Pittsburgh-area hospital joins the price transparency trend

A suburban Pittsburgh hospital has joined the growing number of healthcare facilities allowing patients to shop and compare prices on services.

St. Clair Hospital in Mount Lebanon, Pa., Monday unveiled a new tool, built by Experian, that offers cost estimates of deductibles, coinsurance and copays for more than 100 procedures ranging from blood tests to some surgeries.

In a news release announcing the tool, St. Clair touts that it is the first in the region to offer such transparency.

The hospital competes with regional hospital systems UPMC and Allegheny Health Network.

"St. Clair is committed to being a leader in high-value healthcare," Richard Chesnos, senior vice president and chief financial officer, said in the release. "In addition to our award-winning patient safety and clinical outcomes, and nation-leading patient satisfaction scores, St. Clair provides very cost-effective services, and we want our patients to feel secure knowing, upfront, how much their care will cost them."

St. Clair and others are looking for ways to appease consumers who often are dealing with high deductible plans, thought to control health spending by making consumers more aware of how much healthcare costs them and their insurers.

While the tool is meant for consumers, experts say tracking prices can help hospitals manage their costs, and those efforts have accelerated under the Affordable Care Act.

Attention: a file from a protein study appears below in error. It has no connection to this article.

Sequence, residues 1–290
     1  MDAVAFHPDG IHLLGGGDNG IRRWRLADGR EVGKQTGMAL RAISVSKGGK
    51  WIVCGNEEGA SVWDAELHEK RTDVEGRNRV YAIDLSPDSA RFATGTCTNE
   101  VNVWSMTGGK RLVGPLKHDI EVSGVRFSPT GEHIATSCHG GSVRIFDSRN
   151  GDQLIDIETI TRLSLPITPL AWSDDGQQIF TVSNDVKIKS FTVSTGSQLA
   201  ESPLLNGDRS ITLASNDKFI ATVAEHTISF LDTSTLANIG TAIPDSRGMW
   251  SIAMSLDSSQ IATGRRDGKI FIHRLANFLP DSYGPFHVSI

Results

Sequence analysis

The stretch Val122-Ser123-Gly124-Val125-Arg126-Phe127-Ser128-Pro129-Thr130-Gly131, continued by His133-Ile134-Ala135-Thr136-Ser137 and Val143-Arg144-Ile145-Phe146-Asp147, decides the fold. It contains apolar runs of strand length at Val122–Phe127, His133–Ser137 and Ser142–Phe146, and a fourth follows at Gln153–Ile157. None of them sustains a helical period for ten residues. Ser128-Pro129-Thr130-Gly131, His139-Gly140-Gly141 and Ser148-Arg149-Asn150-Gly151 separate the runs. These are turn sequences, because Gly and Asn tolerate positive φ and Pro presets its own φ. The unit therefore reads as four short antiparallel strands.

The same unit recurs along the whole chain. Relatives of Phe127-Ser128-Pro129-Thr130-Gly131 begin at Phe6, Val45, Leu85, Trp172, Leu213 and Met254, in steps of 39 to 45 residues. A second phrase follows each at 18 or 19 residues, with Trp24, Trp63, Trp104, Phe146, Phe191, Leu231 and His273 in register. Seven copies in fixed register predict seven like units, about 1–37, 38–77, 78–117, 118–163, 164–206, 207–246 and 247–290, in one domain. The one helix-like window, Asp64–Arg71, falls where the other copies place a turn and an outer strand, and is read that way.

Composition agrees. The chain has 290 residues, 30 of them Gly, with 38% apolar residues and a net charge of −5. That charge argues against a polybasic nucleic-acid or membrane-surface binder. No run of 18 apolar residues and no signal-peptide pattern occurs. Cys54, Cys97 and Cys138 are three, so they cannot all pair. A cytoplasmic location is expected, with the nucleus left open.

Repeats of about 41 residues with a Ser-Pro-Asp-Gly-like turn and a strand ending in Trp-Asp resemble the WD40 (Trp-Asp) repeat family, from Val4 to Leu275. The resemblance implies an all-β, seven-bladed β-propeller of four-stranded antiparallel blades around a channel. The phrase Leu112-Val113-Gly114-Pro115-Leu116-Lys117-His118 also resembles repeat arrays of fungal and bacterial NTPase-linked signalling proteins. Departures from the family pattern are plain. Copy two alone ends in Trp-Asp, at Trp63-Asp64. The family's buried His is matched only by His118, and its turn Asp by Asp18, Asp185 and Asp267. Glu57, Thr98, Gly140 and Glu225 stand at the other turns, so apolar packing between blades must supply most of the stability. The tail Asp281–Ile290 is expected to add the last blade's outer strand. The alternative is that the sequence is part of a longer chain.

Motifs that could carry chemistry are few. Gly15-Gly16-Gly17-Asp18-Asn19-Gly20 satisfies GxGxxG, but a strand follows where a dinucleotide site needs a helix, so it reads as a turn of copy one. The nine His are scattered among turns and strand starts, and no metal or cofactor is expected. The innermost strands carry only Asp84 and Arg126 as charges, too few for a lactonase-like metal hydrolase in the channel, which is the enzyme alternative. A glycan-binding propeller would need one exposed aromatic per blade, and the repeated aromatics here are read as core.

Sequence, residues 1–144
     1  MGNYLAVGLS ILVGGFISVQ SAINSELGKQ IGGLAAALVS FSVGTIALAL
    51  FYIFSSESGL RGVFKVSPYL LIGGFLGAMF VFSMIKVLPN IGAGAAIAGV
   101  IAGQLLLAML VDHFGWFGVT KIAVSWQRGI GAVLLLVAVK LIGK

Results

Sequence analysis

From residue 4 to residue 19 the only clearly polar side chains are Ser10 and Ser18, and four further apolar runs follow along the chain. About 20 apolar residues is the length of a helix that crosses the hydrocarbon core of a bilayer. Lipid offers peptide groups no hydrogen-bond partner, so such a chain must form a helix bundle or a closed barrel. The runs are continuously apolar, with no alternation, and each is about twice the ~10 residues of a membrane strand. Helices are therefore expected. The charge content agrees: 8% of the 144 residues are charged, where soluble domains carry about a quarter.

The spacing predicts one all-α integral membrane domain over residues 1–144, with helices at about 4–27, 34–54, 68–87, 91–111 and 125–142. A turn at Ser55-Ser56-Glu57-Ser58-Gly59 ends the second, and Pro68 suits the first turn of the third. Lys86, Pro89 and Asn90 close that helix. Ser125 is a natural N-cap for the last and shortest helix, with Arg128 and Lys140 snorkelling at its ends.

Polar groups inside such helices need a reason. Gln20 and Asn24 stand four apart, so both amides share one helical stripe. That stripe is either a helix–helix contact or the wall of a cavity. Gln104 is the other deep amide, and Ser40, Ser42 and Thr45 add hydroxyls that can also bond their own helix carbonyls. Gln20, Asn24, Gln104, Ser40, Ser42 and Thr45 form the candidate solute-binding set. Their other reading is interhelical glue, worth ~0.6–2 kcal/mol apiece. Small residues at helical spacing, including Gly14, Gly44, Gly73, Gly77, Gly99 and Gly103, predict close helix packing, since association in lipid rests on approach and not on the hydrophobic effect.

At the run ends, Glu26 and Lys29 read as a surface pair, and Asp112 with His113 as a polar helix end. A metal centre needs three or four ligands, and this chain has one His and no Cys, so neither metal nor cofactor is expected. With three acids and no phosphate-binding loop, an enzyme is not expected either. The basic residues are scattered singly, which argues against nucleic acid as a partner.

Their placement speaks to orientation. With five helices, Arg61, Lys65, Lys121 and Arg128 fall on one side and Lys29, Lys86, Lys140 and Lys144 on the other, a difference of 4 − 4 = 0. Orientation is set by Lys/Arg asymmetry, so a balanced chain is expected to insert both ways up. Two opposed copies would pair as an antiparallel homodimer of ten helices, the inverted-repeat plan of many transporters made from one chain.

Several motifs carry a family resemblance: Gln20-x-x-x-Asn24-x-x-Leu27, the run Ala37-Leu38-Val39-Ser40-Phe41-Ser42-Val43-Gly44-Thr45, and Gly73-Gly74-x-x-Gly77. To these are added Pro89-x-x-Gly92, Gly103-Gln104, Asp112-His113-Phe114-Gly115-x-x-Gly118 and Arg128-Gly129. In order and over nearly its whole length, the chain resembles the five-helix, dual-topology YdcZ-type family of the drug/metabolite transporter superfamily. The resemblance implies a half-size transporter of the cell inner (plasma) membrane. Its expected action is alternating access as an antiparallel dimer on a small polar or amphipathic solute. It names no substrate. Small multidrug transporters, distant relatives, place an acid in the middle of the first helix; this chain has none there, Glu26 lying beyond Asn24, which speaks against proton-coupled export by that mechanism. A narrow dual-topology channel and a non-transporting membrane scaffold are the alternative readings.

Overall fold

Under the ACA, the CMS has expanded the use of new financial incentives for hospitals to control costs, and private insurers have followed.

Out-of-pocket prices for the same service can vary sharply between hospitals. For example, a patient's out-of-pocket price for the same MRI test with the same CPT code can vary from $64 to $476, depending on the state, according to the Health Care Cost Institute.

The Pioneer Institute this week released the results of a survey that found consumers find it hard and not necessarily useful to get price quotes from hospitals.

The health policy think tank used mock consumers to test how accessible the information is.

Survey respondents found it “difficult and frustrating” to get the price of a common and standard imaging procedure. When provided, prices were sometimes inaccurate, the Boston-based Pioneer Institute found during its survey of 54 hospitals in six states.



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